Jonathan spero

Widening the Circle of Compassion

 
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We may find that we can easily connect with the struggles and conflicts of those we love, and extend love and compassion to them, but we may feel quite indifferent to strangers, and when it comes to people we do not like, such as competitors and adversaries, we might even feel happy that they suffer because it gives us an edge over them or justifies our desires of retribution and revenge. So, the next challenge on our journey is to find a way to be compassionate toward those who do not fall within our immediate circle of concern and to turn away from taking pleasure in their suffering.

Compassion is not about being superficially nice so people will like us; it is not weakness, softness, or letting people off the hook if they cause harm. Compassion is about keying into the nature of suffering, understanding it to our core, and recognizing its sources; but just as important is committing ourselves to relieving pain and to remain hopeful for the future alleviation of suffering for all. We come to realize that whatever differences there are between people, in essence, we are all seeking the same things. Compassion requires strength, determination, and courage within an emotional context of kindness and connection with others.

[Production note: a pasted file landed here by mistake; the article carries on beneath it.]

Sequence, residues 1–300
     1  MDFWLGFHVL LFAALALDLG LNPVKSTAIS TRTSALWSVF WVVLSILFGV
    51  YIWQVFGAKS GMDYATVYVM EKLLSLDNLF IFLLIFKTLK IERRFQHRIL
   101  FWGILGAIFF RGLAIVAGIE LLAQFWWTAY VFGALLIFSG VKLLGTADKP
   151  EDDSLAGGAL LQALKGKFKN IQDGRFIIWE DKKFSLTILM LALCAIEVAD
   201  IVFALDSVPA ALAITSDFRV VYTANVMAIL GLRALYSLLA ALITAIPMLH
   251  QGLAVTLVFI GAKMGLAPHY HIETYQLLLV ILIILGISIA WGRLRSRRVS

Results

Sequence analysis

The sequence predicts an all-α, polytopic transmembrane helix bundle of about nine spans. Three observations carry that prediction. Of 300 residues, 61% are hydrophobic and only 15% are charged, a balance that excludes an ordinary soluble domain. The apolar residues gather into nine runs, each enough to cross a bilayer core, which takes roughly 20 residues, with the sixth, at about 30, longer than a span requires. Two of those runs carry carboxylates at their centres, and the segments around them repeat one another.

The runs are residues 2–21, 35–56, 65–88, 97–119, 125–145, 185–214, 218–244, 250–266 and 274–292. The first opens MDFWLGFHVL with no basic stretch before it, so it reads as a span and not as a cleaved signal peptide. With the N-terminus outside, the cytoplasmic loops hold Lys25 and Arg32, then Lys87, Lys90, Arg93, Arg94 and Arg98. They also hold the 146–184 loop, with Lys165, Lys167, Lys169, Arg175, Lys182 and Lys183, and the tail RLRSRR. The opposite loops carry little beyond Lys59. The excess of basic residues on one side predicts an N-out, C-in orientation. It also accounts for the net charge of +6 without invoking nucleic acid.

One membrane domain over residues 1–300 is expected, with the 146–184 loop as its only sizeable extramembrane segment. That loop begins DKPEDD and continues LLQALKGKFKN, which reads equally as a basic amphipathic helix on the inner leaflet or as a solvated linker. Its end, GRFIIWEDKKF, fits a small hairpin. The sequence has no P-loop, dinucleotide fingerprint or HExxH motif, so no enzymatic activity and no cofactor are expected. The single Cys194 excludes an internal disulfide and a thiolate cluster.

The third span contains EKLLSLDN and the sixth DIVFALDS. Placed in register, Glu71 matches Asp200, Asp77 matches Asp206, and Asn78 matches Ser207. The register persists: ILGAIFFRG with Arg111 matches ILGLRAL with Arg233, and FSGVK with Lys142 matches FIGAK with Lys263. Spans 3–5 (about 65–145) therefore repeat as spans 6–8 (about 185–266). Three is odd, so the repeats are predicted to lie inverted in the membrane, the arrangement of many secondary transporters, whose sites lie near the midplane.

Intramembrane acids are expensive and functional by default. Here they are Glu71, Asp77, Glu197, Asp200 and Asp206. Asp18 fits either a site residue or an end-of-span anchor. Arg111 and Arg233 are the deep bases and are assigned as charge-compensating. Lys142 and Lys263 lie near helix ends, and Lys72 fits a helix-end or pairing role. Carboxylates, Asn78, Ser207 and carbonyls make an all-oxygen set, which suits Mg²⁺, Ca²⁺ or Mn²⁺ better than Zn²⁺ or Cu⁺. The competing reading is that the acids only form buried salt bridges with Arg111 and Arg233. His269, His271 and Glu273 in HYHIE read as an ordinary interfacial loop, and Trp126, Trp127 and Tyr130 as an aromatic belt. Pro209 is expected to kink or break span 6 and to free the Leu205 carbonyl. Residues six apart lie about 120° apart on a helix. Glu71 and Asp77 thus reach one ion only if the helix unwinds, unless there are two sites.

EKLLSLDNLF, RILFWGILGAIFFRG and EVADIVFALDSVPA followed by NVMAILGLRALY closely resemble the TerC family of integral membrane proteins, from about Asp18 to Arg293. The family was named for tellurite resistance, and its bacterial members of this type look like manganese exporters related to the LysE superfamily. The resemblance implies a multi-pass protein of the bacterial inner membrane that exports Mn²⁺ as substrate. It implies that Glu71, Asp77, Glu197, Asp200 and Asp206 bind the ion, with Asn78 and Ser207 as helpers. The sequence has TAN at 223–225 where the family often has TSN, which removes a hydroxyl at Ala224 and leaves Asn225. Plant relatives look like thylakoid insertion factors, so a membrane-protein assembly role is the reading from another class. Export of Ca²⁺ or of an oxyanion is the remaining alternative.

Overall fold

Try this:

STEP 1: Think of someone whom you neither like nor dislike, but have some form of contact with on a daily basis. It might be a bus driver, the person who serves you a coffee or drink on the way to work, a classmate, or someone you see on the bus every morning. Bring to mind an actual person. 

STEP 2: Think that, just like you, this person has dreams, hopes and fears. Just like you, this person finds themselves in the flow of life and struggles with their emotions, life circumstances, and setbacks. Just like you, this person struggles with feelings of anxiety and anger and self-critical thoughts; they are hurt by rejection and boosted by love.

STEP 3: Now imagine this person facing suffering in some way: perhaps dealing with conflict at work, struggling with addiction or depression, or feeling lonely and unloved. 

STEP 4: Then allow your heart to feel tenderness and concern for this person and offer the following heartfelt wishes:

1.    "May you be happy and well."

2.    "May you be free of suffering and pain."